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Calcium fortification of roasted and ground coffee with different calcium salts/Fortificacao de calcio em cafe torrado e moido com diferentes sais de calcio.

Introduction

Calcium is one of the most important dietary factors for bone metabolism. A great deal of scientific literature has shown that high dietary calcium intake and its bioavailability are associated with the reduced risk of osteoporosis, hypertension, colon cancer, kidney stones, stroke, obesity, lead absorption, and premenstrual syndrome (MCCARRON; HEANEY, 2004; UNRUH VON et al., 2004). Unfortunately, there are few excellent dietary sources of calcium, especially if milk and dairy products are not a regular part of the diet (CERKLEWSKI, 2005). Fortification of foods such as orange juice, carbonated beverages, yeast breads, and breakfast cereals has been used to help improve calcium intake (BABARYKIN et al., 2004; FAIRWEATHER-TAIT; TEUCHER 2002).

For its specific flavor and positive effects on humans, coffee is one of the most popular beverages in the world. The average citizen of the European Union consumes 4.96 kg of coffee per year (ICO, 2008). Coffee is the most consumed beverage in Brazil, second only to water. Coffee consumption in Brazil increased by 3% from 2011 to 2012, but this increase was provided by the Brazilian Coffee Industry Association (ABIC). In addition, the per capita consumption was 6.18 kg of grain per year; this is equivalent to 4.94 kg of roasted coffee, approximately 83 liters for each Brazilian. This value represents an increase of 1.23% over the previous period of 2010. Thus, it is possible to affirm that Brazilians consume various forms of coffee such as latte, cappuccino, espresso, and other combinations (SOLOMON, 2002).

Several commercial calcium salts have been used for calcium enrichment of milk/beverages, e.g., calcium carbonate, calcium chloride, calcium phosphate, tribasic calcium phosphate, calcium citrate malate, calcium lactate, calcium gluconate, calcium lactate gluconate, and natural milk calcium (GOLDSCHER; EDELSTEIN, 1996; TATEO et al., 1997).

Calcium-fortified foods should have similar physical and sensory characteristics as their non-fortified counter parts (FAIRWEATHER-TAIT; TEUCHER, 2002). This study determined calcium contents and sensory attributes of all-purpose roasted and ground coffee fortified with calcium carbonate, calcium citrate malate, and calcium phosphate. Beverages of roasted and ground coffee fortified were compared to non-fortified control beverages.

Material and methods

Addition of calcium salts in roast and ground coffee

The experiments were performed in the Itamaraty Roasting Coffee Industry, Rolandia, Parana State, Brazil. The roast and ground coffee Itamaraty[R] was used in this study. Calcium addition tests were performed on roasted and ground coffee using the calcium salts that had good water solubility. Six calcium salts were used: tricalcium phosphate ([Ca.sub.3][O.sub.8][P.sub.2]); monocalcium phosphate (Ca[H.sub.4]P2O8); calcium carbonate (CaC[O.sub.3]); calcium lactate (Ca [(C[H.sub.3]CHOHCOO).sub.2] 5[H.sub.2]O); calcium citrate malate ([C.sub.4][H.sub.4][0.sub.5]Ca), and Calci-K[R] (calcium compound--[C.sub.6][H.sub.8][O.sub.7], Ca [(OH).sub.2], [H.sub.3]P[O.sub.4] and KOH), at the following levels: 0.75, 1.88, 0.78, 2.24, 1.50 and 1.66 g 100 [g.sup.-1] of coffee powder, respectively. Calcium salts were added in 500 g of roast and ground coffee with further homogenization in a closed, white, and odorless container, in the test laboratory of the industry.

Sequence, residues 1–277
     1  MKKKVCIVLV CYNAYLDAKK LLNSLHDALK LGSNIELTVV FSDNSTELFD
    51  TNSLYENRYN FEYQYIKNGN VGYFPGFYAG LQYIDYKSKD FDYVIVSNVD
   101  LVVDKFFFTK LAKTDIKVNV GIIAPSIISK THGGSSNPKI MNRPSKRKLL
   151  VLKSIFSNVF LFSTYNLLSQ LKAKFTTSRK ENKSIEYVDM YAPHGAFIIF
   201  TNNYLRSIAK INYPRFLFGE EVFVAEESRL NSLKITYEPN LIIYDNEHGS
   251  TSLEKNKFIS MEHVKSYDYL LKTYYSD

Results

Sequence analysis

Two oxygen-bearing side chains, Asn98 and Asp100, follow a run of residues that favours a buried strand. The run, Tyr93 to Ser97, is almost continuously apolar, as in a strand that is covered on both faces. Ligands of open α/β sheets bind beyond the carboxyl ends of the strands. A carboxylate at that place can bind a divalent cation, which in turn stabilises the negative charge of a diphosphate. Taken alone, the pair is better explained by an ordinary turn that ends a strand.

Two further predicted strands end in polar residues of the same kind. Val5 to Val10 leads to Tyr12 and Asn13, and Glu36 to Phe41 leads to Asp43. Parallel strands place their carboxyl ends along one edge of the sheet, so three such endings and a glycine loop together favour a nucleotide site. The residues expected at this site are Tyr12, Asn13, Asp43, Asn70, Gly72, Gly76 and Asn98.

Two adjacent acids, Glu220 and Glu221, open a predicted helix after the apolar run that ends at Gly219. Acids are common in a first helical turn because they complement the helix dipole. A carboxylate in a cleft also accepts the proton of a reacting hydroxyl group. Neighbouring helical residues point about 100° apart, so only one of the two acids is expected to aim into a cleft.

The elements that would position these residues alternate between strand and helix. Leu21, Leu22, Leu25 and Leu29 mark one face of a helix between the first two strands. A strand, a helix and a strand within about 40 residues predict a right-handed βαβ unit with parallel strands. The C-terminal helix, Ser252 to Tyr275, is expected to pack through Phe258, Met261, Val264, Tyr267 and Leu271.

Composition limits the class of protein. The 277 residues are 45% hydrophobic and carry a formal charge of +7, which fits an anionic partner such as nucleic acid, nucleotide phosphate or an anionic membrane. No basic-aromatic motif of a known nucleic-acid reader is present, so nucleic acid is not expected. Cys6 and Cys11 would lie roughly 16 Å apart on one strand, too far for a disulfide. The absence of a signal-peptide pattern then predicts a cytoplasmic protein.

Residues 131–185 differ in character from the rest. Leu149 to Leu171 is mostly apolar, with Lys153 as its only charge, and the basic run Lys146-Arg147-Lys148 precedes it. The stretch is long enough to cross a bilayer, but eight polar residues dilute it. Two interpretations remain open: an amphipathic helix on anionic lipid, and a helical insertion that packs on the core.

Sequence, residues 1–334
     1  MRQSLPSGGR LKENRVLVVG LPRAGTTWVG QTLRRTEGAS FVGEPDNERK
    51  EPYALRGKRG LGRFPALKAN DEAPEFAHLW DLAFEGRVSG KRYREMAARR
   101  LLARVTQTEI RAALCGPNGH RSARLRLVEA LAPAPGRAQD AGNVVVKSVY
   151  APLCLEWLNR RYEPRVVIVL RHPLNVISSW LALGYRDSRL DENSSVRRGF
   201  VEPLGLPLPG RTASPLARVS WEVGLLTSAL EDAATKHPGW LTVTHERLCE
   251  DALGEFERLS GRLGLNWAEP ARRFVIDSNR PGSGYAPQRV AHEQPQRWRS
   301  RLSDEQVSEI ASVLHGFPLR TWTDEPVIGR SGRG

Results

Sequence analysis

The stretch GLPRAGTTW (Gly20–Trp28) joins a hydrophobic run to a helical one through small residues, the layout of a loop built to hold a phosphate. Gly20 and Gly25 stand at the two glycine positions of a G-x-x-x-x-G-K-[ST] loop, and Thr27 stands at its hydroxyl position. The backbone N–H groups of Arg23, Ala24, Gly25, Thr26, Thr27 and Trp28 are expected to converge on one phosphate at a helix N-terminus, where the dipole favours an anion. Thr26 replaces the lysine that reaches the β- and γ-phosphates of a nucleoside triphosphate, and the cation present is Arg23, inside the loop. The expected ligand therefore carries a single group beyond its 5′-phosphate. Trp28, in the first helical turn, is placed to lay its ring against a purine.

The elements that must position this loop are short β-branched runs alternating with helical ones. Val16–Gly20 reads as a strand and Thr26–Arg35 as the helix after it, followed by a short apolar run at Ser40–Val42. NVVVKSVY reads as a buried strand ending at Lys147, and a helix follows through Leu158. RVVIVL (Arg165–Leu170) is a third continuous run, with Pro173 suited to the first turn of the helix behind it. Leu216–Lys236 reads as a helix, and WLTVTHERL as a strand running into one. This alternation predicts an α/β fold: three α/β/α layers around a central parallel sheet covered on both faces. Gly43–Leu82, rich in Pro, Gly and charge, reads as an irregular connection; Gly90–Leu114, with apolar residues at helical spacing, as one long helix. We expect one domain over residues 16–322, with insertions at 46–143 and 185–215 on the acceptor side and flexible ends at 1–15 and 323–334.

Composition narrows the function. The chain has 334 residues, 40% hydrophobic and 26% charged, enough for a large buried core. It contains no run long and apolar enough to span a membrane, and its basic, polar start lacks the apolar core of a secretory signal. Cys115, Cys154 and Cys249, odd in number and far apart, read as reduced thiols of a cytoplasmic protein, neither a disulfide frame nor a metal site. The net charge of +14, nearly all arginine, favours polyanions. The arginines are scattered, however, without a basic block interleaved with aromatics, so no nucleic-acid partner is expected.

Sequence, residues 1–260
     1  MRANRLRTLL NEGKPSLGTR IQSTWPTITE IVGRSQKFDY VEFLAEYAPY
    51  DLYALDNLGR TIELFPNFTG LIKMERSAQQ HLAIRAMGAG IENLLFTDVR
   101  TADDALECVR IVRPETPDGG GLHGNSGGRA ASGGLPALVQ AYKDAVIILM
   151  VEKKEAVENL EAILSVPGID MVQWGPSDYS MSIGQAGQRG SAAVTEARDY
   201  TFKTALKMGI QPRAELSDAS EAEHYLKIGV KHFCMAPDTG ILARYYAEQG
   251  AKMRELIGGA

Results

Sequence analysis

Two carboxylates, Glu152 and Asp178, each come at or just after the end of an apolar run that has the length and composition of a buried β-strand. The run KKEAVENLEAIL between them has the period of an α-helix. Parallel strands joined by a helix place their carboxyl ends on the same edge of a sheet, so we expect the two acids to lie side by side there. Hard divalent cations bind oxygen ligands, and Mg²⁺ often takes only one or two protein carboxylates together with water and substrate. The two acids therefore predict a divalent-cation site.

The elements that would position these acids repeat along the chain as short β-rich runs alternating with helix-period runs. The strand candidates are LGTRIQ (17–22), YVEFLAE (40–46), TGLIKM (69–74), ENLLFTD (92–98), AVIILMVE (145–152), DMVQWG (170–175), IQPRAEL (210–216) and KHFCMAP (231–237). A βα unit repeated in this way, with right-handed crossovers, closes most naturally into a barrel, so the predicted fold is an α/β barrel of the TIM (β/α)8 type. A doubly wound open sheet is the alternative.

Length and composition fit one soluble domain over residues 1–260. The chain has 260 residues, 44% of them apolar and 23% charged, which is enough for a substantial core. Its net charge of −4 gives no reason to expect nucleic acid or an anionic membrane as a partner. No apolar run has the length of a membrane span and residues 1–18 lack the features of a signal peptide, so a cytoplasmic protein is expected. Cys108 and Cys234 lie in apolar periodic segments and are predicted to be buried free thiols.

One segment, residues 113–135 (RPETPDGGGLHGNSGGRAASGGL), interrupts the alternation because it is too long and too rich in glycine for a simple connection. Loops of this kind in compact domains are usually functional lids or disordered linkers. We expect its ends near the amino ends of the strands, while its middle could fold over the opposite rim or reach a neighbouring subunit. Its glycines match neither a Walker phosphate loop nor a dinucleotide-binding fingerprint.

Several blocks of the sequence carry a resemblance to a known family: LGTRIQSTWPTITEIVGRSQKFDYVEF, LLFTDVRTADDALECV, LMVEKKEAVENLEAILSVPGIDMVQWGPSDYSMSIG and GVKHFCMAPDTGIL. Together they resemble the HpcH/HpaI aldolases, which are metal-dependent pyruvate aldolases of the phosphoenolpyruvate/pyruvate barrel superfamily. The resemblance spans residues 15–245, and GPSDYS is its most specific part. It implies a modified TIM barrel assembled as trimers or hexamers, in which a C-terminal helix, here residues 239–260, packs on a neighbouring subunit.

Selection of roast and ground coffee containing calcium salts according to similarity to traditional coffee

The opinions from two experts in coffee tasting were requested in the selection of the coffee with calcium salt with greater similarity to traditional coffee directly in the Itamaraty[R] Coffee Company. Initially, six calcium salts, tricalcium phosphate, monocalcium phosphate, calcium carbonate, calcium lactate, calcium citrate malate, and Calci K[R], were added to coffee, and the beverages were prepared with paper filters. The samples were presented in pairs, one with calcium salt and the other with traditional coffee. The expert panelists then had to opine on the similarity of the beverages according to the attributes: aroma, color, and characteristic flavor of traditional coffee.

The preparation of beverages followed the manufacturer's recommendations (Itamaraty[R]), consisting of 80 g of powder to 1 L of water. The water temperature was maintained at 90 to 100[degrees]C and poured slowly to moisten the powder, and the contact time ranged from 4 to 6 min. The tests using polyester filters were performed by washing them with water and reusing them after each preparation. The paper filters were discarded after use.

Subsequently, the experts selected coffee beverages with three different calcium salts. The selected samples were evaluated by potential consumers to assess their acceptability, and the calcium contents were quantified in coffee preparations.

Physical and physico-chemical analysis

The colors of coffee powders added with calcium salts were measured using Agtron disks. The pH of the beverages was measured at 25[degrees]C using a pH meter (Quimis, Q400AS). The particle size analysis was performed using a sieve of 30-mesh, and the retained powder percentage was determined. The moisture content was determined according to Cunniff (1998).

Sensory analysis

Besides the opinions of experts in choosing the best coffee, sensory analysis of acceptance and purchase intent were performed. These analyses allowed to collect data about traditional coffee consumption and confirm the consumers approval for coffee. In this context, the acceptance test was conducted with the three beverages, A, B, and C, containing the following calcium salts: calcium carbonate, calcium citrate malate and tricalcium phosphate, respectively. According to the experts, they were closer to traditional coffee.